Summer has arrived in Inishowen and solicitor Ben O'Keeffe is greatly tempted by a job offer she's received from a law firm in America.
Yet before making any life-changing decisions there is her friend Leah's wedding to attend at the newly restored Greysbridge Hotel, with its private beach and beautiful pier. It's the perfect location, everyone agrees, but the festivities are brutally cut short when a young American, a visitor also staying at the hotel, drowns in full view of the wedding guests.
And when a second death is discovered the same evening, Ben finds herself embroiled in a real country house murder mystery, where all the guests are suspects . . .
It's another enjoyable read which picks up after a fairly long and slow set-up. To be honest not much happens in the opening quarter of the book. Ben is toying with taking a new job in the US, some months down the line. Molloy her romantic interest from the previous books is working for the Guards down in Cork and she has a similar kind of relationship with a new doctor in town. On/off/casual/uncommitted etc. And her secretary and employee, Leah is getting married.
At the wedding at a remote country house hotel two guests die in two separate incidents - one by drowning, one in his bed. Accidental? Natural? Well it's a mystery/crime fiction book so no. Both need investigating.
Family histories, local stories and legends, a small island nearby that isn't particularly open towards visitors, current family tensions, a visiting American (one of the victims), an English librarian-cum-historian (also dead), a failing business, resentments - new and old, hormonal teenagers, past mistakes and probably least of all - unless you're the bride or groom - a ruined wedding.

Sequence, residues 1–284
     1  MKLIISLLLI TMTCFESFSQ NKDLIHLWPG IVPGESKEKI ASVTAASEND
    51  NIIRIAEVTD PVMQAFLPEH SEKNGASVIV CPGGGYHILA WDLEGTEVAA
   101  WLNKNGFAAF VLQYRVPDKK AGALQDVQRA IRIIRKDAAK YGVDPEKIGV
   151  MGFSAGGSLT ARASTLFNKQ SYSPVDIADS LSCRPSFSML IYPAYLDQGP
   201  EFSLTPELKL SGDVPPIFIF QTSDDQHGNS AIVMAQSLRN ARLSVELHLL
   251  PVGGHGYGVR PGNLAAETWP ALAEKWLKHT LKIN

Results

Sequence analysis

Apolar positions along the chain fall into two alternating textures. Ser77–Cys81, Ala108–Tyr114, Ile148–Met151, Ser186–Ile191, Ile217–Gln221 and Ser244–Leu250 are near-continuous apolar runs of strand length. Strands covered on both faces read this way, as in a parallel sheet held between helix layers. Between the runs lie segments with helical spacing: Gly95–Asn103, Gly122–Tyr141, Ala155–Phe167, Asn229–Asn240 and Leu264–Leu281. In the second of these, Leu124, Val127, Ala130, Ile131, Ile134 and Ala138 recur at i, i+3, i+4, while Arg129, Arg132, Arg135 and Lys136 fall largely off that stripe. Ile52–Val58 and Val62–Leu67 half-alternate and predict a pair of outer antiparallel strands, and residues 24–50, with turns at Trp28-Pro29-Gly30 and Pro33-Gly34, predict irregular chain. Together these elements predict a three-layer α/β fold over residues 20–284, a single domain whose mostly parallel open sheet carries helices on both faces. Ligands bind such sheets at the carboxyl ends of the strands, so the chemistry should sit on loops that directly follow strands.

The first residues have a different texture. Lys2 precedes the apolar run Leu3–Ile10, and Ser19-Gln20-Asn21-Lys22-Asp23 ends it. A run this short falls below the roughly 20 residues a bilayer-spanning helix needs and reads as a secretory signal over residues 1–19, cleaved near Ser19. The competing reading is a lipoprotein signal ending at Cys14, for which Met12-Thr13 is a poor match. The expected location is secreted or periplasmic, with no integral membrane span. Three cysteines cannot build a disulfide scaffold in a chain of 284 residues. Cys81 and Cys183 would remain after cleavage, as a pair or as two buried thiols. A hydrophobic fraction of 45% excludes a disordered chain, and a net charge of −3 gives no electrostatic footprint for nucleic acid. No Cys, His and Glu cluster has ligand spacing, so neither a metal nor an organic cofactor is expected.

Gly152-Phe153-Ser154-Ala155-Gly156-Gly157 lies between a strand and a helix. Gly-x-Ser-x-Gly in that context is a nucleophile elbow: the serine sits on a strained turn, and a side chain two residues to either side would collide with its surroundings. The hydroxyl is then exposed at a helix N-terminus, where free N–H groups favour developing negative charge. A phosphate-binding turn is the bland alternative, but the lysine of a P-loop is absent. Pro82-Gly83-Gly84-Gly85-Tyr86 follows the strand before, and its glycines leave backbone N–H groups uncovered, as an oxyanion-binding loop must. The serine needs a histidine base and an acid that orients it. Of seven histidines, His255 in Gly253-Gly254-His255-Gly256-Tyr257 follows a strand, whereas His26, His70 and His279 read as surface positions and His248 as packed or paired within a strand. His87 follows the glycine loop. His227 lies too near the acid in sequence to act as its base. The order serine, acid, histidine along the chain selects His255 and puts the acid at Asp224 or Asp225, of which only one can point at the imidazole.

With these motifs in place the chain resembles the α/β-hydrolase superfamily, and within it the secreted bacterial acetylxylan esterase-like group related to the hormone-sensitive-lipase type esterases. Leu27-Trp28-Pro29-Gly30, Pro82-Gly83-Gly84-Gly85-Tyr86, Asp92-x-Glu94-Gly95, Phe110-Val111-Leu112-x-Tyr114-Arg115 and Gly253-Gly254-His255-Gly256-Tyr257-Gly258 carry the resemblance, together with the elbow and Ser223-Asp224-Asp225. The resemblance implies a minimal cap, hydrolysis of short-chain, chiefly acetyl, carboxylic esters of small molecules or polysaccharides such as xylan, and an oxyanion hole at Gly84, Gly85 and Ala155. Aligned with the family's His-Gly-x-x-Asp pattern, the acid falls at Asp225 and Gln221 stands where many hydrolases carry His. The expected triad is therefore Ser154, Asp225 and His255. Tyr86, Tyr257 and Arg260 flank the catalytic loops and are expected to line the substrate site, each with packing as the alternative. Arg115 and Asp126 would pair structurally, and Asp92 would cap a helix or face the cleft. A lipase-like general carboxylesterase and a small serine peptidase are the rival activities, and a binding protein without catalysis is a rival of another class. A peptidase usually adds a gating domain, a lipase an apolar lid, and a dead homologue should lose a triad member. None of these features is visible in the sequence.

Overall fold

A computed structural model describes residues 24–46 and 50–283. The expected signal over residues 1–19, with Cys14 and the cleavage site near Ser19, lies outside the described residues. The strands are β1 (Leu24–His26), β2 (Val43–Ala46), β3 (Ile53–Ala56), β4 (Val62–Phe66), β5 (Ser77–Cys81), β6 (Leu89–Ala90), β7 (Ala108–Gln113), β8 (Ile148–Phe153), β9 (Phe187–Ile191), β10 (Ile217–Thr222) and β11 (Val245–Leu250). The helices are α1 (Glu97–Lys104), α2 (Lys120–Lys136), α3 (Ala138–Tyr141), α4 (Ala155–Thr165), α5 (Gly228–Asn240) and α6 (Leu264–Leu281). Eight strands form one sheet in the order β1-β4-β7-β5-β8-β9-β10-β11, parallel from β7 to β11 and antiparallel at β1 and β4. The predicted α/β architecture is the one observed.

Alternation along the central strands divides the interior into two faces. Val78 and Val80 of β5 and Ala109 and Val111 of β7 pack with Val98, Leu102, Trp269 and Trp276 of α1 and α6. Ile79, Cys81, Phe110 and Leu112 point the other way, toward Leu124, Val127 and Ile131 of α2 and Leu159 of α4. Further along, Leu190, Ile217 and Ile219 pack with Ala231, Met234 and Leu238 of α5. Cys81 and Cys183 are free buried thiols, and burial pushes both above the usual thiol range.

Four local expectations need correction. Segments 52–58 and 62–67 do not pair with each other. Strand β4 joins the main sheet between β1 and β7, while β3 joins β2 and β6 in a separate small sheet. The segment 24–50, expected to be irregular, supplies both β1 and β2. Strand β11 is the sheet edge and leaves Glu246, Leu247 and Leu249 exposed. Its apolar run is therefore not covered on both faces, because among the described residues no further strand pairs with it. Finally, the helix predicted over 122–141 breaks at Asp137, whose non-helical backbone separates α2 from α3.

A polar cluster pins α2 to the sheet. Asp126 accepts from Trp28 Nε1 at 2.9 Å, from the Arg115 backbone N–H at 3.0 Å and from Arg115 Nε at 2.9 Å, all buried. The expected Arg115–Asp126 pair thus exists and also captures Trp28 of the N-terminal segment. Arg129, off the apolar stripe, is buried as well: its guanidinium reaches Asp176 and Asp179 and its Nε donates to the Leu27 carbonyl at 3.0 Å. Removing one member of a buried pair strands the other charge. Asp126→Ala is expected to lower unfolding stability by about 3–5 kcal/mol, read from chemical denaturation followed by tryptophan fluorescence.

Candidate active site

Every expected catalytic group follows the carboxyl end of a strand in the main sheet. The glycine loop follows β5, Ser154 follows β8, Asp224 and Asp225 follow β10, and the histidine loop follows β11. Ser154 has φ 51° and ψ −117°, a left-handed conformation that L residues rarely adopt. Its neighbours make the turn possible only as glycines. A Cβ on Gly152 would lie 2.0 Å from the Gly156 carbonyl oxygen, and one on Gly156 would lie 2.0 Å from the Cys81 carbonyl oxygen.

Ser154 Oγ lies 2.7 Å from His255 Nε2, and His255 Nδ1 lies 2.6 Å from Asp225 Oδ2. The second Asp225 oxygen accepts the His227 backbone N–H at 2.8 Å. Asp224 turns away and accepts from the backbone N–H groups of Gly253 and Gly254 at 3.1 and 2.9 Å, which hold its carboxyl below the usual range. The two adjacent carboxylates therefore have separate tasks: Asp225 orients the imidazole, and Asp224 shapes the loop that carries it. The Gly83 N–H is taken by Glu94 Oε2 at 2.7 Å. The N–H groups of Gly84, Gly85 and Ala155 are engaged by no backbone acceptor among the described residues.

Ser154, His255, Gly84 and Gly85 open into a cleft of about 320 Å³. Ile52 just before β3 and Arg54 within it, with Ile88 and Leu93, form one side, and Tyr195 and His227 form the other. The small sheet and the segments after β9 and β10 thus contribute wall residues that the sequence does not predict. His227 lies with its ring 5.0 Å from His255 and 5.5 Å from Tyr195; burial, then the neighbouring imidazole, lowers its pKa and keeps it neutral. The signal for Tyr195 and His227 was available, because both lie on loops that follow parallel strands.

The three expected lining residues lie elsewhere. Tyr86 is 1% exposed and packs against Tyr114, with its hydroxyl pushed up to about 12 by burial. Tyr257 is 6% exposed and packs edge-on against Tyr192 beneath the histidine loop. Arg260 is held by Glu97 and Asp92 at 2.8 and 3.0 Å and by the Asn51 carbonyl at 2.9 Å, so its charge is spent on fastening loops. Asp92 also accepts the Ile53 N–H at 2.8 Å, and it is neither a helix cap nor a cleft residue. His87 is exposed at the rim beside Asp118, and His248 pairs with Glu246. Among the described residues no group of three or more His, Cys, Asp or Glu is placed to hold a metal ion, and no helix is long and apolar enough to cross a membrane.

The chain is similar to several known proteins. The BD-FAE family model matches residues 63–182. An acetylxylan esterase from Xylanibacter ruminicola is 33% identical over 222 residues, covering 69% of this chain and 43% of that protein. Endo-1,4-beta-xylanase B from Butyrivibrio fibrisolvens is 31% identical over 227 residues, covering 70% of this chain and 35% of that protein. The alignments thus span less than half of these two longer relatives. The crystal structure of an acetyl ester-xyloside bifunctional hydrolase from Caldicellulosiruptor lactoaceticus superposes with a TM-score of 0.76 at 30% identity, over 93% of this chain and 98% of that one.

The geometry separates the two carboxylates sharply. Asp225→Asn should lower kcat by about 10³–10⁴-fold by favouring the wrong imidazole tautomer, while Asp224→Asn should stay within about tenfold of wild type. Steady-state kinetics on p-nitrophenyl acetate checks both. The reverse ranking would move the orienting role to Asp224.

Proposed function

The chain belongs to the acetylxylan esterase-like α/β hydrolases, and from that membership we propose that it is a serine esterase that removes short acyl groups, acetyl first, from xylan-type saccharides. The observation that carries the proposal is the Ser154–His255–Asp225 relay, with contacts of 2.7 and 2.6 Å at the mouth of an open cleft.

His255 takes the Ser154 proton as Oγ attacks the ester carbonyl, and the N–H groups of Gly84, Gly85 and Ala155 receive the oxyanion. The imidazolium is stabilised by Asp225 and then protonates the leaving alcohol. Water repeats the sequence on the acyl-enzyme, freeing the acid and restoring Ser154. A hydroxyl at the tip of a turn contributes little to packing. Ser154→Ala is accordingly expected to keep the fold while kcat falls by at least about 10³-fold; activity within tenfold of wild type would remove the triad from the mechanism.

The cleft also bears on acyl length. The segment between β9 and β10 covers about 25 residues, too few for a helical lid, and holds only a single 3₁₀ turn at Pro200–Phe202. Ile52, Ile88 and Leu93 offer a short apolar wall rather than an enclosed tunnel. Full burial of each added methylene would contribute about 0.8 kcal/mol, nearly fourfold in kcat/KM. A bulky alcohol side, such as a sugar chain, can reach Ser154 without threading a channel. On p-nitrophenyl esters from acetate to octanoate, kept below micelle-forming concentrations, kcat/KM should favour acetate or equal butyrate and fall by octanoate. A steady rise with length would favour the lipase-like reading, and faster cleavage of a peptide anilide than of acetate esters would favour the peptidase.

I quite liked it once it got going. It turns into quite a busy book with some hints as to the motivations for the crime(s). There is a lot of tension in the relationship between the hotel owners and their son. A surly gardener adds to the mix. We also have the islanders coming into the mix as wedding guests, albeit a bit odd and a bit separate from the rest of the party. Ben's doctor friend falls under suspicion after she catches him in a lie and just when she's getting a handle on things, old flame Molloy rocks up to take over the case and throw her off-balance.
Best book ever? No, but I did enjoy it. And I didn't really mind the plodding opening. I'm Irish, so I'm always happy to go visit in my reading and the north of the island and the communities offshore aren't anywhere I'm that familiar with.
The investigation plays out satisfactorily. There's no action or violence as such. Both murders are either off page or low key, insofar as we catch up with as efforts are made to rescue and resuscitate our drowning victim. I liked the thread of family history and secrets which formed a big part of the backdrop to the mystery.
I quite like the main character, Ben. She has a troubled past (don't all main characters?). I like the dynamic between her and Molloy, even if it isn't exactly bombs dropping and rockets firing off, more of a slow burning candle type scenario.
Overall a solid read - 3 from 5
I wouldn't rule out reading more in the series, either the first or fifth or any more the author writes in the future, but I'm not minded to go and round them up.
Read - April, 2022
Published - 2018
Page count - 289
Source - review copy via Edelweiss - Above the Treeline
Format - Kindle